The 1904 Olympic Marathon May Have Been the Strangest Ever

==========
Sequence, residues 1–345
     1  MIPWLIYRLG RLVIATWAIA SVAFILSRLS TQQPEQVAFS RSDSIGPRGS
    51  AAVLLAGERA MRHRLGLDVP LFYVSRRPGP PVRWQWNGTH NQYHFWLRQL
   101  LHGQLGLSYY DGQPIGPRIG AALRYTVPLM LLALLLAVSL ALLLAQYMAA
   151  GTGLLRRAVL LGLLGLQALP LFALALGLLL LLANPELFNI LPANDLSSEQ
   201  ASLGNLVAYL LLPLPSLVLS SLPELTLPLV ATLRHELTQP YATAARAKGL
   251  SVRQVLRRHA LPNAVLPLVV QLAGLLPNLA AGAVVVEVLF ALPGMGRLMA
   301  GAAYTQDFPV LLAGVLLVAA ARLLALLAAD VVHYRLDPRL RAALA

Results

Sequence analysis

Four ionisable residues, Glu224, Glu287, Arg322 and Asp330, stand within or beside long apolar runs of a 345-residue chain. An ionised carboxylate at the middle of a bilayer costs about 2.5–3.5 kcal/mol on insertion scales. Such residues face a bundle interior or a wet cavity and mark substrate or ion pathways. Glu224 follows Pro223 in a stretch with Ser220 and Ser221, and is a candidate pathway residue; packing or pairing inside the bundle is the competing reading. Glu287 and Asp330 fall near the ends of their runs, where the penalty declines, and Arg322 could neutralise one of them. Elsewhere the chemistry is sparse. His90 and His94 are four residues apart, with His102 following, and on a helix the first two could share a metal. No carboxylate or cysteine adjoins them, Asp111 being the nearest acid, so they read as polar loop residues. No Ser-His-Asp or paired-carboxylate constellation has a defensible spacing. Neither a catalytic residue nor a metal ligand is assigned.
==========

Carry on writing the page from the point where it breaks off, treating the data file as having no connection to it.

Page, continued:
America’s first Olympics may have been its worst, or at least its most bizarre. Held in 1904 in St. Louis, the games were tied to that year’s World’s Fair. Although there were moments of surprising and genuine triumph — like when gymnast George Eyser earned six medals, including three gold, despite his wooden leg — the 1904 marathon was less of a showstopper and more of a sideshow. A few of the runners were recognized marathoners who had either won or placed in the Boston Marathon, but the majority was an assorted lot of middle-aged men trying to make their personal dreams come true. One of the men — a bricklayer named Fred Lorz — stopped running because of exhaustion after nine miles. His manager gave him a lift in his car and drove him the next 11 miles. Then Lorz hopped out of the car and continued on foot back to the Olympic stadium, where he broke the finishing line tape and was greeted as the winner of the race. Though he initially went along with it, Lorz soon admitted that it was a joke, after spectators claimed he had cheated by not running the entire race. Thomas Hicks went on to become the real winner. Lorz was initially banned for life, but was reinstated after he apologized for the stunt and it was found that he hadn’t intended to defraud. He won the Boston Marathon in 1905 with a time of 2:38:25.